This is not to say that  customers and employees would not be interested in sustainability program progress and data. But such information is not enough to fuel broader internal interest – let alone engagement.

Why do corporations utilize formats and strategies for employee communication that they know are ineffective in connecting with people externally? Consider the ways corporate-wide change programs such as sustainability is introduced to employees today.


Downloadable manual of do’s and don’ts –  There is nothing inviting or engaging about rules and requirements.

One-way lecture / On-Demand Presentation – Push communication and mass distribution limits human connections. On-Demand may undermine importance of program.

Campaign – Sustainability must be understood as a commitment, not a trend or limited  initiative.

FYI or Optional  – Why would employees believe their support matters in a program that ignores or discounts their voice?

Standard Industry Practice  – Why launch a program that is half-hearted or like everyone else? Give employees reasons to believe in the vision of the program and the difference they can make.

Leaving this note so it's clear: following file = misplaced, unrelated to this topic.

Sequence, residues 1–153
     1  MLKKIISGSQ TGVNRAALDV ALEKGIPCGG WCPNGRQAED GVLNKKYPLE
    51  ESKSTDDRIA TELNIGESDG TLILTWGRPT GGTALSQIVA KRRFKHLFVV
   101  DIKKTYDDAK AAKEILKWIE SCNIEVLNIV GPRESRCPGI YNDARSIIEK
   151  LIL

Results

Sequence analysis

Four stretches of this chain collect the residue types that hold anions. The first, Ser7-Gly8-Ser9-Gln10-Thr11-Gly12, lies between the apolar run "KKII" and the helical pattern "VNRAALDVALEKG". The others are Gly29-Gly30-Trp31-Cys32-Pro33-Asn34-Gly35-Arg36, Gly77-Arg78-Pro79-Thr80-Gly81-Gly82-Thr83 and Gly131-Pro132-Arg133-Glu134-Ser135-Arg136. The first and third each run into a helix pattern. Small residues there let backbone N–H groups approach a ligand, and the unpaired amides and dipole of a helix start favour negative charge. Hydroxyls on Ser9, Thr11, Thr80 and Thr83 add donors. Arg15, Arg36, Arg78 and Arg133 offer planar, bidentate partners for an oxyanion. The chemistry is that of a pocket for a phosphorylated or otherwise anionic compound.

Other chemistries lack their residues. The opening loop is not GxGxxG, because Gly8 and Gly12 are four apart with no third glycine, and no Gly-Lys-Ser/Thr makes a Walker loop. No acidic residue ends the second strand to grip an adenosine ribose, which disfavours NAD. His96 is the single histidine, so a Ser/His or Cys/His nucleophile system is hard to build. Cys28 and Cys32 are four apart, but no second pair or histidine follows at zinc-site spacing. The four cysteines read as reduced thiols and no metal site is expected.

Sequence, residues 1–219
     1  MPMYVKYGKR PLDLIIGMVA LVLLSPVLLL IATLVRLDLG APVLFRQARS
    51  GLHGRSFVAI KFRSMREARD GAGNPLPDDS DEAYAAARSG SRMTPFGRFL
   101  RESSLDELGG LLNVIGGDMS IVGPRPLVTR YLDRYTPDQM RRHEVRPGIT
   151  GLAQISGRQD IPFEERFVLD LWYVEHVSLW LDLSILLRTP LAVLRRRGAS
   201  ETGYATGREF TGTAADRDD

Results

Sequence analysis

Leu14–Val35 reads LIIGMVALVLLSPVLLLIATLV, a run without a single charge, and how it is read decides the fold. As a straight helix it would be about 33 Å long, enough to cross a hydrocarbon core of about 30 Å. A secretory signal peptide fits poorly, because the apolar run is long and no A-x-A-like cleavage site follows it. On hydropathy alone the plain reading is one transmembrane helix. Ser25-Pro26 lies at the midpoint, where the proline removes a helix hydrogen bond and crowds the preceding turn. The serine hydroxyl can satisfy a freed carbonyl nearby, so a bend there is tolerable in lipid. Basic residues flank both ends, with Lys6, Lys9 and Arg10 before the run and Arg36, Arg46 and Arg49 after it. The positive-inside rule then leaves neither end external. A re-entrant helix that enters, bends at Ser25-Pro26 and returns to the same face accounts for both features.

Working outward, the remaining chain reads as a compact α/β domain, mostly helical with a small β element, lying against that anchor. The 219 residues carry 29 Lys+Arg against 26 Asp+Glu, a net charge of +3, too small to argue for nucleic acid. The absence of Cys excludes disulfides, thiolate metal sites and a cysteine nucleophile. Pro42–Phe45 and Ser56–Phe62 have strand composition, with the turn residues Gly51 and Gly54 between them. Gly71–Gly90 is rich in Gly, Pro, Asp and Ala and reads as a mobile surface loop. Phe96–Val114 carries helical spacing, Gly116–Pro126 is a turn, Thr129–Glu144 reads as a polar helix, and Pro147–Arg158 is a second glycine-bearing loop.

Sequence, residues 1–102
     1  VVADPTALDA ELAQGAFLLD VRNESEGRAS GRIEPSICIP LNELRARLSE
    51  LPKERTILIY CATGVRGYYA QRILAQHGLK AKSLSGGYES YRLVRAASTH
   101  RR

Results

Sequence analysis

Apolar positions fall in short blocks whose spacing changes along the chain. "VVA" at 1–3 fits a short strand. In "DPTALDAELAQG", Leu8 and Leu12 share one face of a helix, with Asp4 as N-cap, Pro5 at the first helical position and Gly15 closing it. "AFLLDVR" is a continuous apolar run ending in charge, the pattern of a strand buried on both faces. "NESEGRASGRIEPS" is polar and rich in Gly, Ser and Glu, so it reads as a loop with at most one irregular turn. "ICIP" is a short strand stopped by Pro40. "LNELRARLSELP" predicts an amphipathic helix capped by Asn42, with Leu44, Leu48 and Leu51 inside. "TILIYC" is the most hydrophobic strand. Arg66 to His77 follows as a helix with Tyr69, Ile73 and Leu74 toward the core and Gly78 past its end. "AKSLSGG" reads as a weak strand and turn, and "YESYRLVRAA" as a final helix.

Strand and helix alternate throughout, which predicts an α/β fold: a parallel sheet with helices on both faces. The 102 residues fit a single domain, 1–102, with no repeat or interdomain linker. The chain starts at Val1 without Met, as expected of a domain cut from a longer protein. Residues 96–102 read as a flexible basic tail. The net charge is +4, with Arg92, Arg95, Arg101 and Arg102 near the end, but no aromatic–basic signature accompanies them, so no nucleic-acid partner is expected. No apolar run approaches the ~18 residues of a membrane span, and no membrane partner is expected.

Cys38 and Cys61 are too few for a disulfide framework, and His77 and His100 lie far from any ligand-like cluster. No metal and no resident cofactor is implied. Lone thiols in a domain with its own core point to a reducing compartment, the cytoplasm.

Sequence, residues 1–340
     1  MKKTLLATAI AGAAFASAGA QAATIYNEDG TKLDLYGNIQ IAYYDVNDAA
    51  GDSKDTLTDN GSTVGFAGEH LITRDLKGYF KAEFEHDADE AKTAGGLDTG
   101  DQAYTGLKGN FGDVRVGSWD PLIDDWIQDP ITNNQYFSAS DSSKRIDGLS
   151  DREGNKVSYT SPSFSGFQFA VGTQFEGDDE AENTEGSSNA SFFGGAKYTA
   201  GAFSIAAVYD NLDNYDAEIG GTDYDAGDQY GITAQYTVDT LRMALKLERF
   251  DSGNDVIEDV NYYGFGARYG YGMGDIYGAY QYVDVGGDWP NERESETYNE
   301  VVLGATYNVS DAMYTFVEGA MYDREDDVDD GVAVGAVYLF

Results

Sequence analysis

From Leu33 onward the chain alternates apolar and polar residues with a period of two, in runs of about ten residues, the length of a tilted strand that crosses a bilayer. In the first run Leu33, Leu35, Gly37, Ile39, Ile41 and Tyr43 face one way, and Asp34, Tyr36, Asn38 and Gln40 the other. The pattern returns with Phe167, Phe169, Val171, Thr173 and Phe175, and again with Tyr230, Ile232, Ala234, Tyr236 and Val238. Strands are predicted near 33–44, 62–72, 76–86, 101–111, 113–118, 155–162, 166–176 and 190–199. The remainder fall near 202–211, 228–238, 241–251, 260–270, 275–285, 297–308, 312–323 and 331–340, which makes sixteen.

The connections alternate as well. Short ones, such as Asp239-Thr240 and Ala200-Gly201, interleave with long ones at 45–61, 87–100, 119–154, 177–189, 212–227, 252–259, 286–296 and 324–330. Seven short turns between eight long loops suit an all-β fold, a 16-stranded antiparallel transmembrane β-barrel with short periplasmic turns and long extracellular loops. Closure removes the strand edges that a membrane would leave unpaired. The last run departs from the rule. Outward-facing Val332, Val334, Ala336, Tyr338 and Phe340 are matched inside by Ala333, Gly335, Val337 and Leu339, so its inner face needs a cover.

Failure to connect sustainability to employee and customer interests limits the appeal and perceived relevance of such efforts.  Beyond understanding “What” and “How” sustainability efforts will be managed,  people also need to understand the  ”Why” behind a brand’s sustainability story.  How can employees be expected to promote sustainability if they themselves have yet to find reasons to believe in it.

The methods for promoting a sustainability minded culture needs serious consideration, investment and dedication.  Greater care and creativity is needed not only in the launch of such programs.  But equally in how employee interest is nurtured on both a group and individual human development level.  For example, when employees show interest, how is that interest being recognized and developed into active engagement? What programs are put in place to foster the growth and development of these potential ambassadors?  What special tools and training is needed to develop these individuals into becoming active voices and influential stewards of such changes?   Nurturing human development and emotional engagement is not an off-the-shelf, short-term or prescriptive process.

Corporations cannot assume they will have employee support for programs such as sustainability. Just because they launch it, doesn’t mean that the interest, enthusiasm and support will naturally follow.  Support and active engagement needs to be earned and inspired.  The success criteria for launching a sustainability program should strive to go beyond building employee awareness, adoption or even use of new tools and processes.  Successful employee engagement should go as far as to compel people to take action.